A doctrinal change in most of Twelver Shiism (and particularly Iran) in the late 18th century that gave Shi'i ulama the power to use of ijtihad (i.e., reasoning) in the creation of new rules of fiqh, exclude hadith they considered unreliable, and declaring it obligatory to for non-faqih Muslims (i.e. almost all Muslims) to obey a mujtahid when seeking to determine Islamically correct behavior; was the triumph of the Usuli school of doctrine over the Akhbari school.[57]: 127 [note 9] But along with this doctrinal power came political, economic and social power -- control by the ulama over activities left to the government in modern states — the clergy "directly collected and dispersed" the zakat and khums taxes, had "huge" waqf mortmains (religious foundations) as well as personal properties, "controlled most of the dispensing of justice", were "the primary educators, oversaw social welfare, and were frequently courted and even paid by rulers"[59][60] — but meant that as the nineteenth century progressed "important ulama" and their allies in the bazaar (the traditional commercial and banking sector) came into conflict with the secular authorities, specifically the shah.

Colonial and post-colonial era[edit]

In the late 19th and early 20th centuries, there were two major instances of jurist involvement in politics in Iran, (which continued to be the largest Shia-majority state and went on to be a major petroleum exporter).[61]

The Tobacco Protest and Constitutional Revolution (and not the Islamic revolution), have been described both as

  • exceptions to apolitical stance of leading Shia jurists (Ervand Abrahamian); and as
  • the beginning of the end of a 1000 years of quietism among Shi'i, a "real shift in Shiite political thought", "when Shiites began to see the possibility of freely experimenting with politics", (Khalid bin Sulieman Addadh).[63]

Ayatollah Sheikh Fazlollah Nouri who fought against a democratic law-making parliament in the 1905-1911 Iranian Constitutional Revolution (انقلاب مشروطه), predating Khomeini in supporting rule by sharia and opposing Western ideas in Iran.

Khomeini and Guardianship of the Islamic jurist as Islamic government[edit]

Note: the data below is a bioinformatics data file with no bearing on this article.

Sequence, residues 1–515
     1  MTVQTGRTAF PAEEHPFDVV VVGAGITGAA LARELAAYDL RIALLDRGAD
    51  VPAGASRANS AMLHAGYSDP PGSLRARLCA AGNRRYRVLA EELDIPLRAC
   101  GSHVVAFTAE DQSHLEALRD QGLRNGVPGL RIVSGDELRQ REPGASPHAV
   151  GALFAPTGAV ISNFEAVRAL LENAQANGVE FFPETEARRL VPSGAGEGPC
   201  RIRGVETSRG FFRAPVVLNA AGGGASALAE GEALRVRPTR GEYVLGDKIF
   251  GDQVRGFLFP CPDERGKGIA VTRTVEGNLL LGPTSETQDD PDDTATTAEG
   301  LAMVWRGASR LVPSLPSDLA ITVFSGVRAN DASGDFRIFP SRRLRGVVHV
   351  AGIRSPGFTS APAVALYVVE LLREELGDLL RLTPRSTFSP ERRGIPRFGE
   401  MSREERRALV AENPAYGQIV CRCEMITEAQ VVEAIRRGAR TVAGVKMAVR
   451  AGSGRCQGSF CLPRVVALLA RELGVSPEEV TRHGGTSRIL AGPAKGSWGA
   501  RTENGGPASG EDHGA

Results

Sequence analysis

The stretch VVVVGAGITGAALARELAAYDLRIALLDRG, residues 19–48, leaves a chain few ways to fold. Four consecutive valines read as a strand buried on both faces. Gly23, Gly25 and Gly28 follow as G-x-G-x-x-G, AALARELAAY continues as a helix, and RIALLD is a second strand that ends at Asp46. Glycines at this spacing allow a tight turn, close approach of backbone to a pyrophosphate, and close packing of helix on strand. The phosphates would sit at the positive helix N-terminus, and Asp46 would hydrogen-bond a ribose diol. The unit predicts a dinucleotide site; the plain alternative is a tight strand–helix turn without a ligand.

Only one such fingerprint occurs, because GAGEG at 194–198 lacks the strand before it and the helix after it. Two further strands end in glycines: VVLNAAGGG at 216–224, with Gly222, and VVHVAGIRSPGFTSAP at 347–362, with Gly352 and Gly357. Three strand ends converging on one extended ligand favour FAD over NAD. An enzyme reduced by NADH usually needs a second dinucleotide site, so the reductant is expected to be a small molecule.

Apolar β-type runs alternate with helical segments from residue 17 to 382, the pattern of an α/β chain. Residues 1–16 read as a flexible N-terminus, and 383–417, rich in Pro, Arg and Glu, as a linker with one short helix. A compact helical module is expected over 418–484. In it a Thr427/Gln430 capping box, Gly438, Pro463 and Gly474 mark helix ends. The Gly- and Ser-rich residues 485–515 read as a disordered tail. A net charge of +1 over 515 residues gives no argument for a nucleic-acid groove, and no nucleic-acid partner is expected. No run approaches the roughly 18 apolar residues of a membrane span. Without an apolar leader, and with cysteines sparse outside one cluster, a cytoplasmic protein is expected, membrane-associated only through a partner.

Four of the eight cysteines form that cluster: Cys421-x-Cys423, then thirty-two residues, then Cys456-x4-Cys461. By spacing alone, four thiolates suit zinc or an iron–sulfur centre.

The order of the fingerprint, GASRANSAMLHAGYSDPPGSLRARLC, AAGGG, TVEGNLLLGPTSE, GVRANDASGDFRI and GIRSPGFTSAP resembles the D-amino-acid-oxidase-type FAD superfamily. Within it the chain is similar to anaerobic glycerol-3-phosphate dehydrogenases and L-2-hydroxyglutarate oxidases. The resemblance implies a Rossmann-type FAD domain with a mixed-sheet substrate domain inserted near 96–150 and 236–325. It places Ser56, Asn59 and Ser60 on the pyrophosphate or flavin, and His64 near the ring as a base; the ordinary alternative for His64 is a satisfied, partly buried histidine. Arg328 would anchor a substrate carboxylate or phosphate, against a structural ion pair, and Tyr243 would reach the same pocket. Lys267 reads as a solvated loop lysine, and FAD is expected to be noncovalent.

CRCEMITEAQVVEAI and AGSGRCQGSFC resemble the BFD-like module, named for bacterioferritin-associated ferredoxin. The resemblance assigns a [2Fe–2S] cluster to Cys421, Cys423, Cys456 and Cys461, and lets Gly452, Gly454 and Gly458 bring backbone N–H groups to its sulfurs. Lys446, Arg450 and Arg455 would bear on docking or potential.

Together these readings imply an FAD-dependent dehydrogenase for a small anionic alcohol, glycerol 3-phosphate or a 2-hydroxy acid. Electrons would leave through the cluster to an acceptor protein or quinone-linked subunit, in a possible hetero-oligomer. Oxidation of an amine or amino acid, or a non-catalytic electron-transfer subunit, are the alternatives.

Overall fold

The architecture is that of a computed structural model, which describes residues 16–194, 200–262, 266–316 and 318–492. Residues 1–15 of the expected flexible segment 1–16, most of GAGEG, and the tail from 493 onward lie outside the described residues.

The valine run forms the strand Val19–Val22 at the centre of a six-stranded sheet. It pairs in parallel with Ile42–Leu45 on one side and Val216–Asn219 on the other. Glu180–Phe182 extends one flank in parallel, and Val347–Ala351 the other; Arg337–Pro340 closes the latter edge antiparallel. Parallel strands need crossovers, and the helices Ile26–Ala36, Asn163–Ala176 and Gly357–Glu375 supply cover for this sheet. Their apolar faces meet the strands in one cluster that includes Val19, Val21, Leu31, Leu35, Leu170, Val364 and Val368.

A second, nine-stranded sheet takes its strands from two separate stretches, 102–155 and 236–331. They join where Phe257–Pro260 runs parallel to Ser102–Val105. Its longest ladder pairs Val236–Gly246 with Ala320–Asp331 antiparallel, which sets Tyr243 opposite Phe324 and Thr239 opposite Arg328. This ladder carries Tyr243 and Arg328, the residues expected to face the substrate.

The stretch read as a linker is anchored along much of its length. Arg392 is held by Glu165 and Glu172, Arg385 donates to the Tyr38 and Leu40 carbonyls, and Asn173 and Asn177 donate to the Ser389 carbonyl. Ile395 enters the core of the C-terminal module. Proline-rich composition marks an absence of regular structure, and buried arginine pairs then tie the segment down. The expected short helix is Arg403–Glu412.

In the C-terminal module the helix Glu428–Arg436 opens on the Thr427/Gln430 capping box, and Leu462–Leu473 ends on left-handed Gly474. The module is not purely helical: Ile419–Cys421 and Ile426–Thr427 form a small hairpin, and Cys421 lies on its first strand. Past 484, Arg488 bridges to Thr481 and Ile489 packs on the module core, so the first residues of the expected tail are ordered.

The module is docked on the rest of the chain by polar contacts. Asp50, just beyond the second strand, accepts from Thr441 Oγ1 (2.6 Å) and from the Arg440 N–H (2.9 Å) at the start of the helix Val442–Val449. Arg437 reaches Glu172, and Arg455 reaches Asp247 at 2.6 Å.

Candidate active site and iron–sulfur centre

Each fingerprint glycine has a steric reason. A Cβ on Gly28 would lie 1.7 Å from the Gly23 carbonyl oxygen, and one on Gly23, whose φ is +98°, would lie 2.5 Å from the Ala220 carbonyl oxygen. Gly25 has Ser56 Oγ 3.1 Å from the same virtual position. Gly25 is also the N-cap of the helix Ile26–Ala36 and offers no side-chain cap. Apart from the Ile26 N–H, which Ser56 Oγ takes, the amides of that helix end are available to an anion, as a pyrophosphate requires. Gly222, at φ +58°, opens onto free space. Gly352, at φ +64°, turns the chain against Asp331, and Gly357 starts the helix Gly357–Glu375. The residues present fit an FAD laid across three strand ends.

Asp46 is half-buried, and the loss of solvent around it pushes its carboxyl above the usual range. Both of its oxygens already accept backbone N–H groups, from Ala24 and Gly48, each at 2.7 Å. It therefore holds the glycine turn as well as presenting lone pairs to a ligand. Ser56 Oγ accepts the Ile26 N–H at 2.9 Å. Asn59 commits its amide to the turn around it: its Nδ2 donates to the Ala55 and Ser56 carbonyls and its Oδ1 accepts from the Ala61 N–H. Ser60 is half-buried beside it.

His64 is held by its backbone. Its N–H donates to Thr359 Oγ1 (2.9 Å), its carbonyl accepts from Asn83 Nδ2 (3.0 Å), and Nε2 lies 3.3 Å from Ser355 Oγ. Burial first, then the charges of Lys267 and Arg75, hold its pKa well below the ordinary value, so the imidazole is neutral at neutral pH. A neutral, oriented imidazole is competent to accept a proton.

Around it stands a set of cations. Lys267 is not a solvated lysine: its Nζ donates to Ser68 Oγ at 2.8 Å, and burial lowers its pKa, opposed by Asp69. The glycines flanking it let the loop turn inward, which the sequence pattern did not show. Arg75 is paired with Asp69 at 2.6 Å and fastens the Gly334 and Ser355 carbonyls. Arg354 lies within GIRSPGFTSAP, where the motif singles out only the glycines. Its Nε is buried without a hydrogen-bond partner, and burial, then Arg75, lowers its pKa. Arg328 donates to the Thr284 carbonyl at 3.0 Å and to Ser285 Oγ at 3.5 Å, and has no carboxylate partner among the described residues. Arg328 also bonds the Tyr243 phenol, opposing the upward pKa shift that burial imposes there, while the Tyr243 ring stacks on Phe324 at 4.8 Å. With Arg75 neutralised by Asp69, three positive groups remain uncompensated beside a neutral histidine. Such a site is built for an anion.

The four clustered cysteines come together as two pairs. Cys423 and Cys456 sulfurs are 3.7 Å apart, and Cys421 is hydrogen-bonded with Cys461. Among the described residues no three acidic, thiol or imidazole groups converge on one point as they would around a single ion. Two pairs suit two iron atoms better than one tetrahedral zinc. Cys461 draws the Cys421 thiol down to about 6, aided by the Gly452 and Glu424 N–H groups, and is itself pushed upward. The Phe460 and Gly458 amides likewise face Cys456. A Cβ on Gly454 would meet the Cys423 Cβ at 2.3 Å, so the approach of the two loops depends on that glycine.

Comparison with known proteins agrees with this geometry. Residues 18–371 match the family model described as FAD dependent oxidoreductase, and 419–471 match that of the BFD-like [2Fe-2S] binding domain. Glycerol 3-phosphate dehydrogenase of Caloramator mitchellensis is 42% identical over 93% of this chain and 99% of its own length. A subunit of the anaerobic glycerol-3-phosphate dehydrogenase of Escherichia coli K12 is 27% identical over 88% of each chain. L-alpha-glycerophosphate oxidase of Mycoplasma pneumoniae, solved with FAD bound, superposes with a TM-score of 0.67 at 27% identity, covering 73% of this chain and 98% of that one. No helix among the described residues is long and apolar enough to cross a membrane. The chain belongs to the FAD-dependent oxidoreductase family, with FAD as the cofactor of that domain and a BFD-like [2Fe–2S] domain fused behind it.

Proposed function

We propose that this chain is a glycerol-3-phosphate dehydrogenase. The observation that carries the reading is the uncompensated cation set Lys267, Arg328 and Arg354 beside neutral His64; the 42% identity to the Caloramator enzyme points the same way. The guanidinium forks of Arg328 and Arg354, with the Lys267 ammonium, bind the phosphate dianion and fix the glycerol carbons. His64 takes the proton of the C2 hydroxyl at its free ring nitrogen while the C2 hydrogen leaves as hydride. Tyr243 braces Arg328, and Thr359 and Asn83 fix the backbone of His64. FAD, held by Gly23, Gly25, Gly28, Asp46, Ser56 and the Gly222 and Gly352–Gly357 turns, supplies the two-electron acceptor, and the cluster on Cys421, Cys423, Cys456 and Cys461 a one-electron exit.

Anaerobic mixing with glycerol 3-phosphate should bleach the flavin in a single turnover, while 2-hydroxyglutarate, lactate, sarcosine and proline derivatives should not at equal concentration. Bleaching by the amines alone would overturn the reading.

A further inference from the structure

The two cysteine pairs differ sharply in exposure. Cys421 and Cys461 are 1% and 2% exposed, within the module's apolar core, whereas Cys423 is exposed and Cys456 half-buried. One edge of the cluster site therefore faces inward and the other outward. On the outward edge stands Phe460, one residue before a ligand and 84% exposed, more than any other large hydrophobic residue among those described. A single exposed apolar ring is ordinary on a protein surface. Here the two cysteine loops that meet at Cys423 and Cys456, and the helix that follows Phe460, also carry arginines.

Khomeini in the 1970s

In the 1960s, Ayatollah Ruhollah Khomeini was the leading cleric fighting the monarch (Shah) of the secularist Pahlavi dynasty. In early 1970, when he was exiled to the holy Shia city of Najaf, he gave a series of lectures on how "Islamic Government" required Wilayat Al Faqih. Leading up to the revolution, a book based on the lectures (The Jurist's Guardianship, Islamic Government) was spread widely among his network of followers in Iran.[64]

As a faqih, Khomeini was an expert on Islamic jurisprudence, and had originally supported an interpretation of Velayat-e faqih limited to "legal rulings, religious judgments, and intervention to protect the property of minors and the weak", even when "rulers are oppressive". In his 1941/1943 book Secrets Revealed;[65] he specifically stated "we do not say that government must be in the hands of the faqih".[66]

But in his 1970 book he argued that Faqih should get involved in politics not just in special situations, but that they must rule the state and society, and that monarchy or any other sort of non-Faqih government are "systems of unbelief ... all traces" of which it is the duty of Muslims to "destroy".[67] In a true Islamic state (he maintained) only those who have knowledge of Sharia should hold government posts, and the country's ruler should be the faqih (a guardian jurist, Vali-ye faqih), of the top rank—known as a Marjaʿ—who "surpasses all others in knowledge" of Islamic law and justice[68] — as well as having intelligence and administrative ability. Not only is the rule of Islamic jurists and obedience toward them an obligation of Islam, it is as important a religious obligation as any a Muslim has. "Our obeying holders of authority", like Islamic jurists, "is actually an expression of obedience to God."[69] Preserving Islam — for which Wilāyat al-Faqīh is necessary — "is more necessary even than prayer and fasting".[70]

The necessity of a Jurist leader to serve the people as "a vigilant trustee", enforcing "law and order", is not an ideal to strive for, but a matter of survival for Islam and Muslims. Without him, Islam will fall victim "to obsolescence and decay", as heretics, "atheists and unbelievers" add and subtract rites, institutions, and ordinances from the religion;[71] Muslim society will stay divided "into two groups: oppressors and oppressed";[72] Muslim government(s) will continue to be infested with corruption, "constant embezzlement";[73] not just lacking in competence and virtue, but actively serving as agents of imperialist Western powers.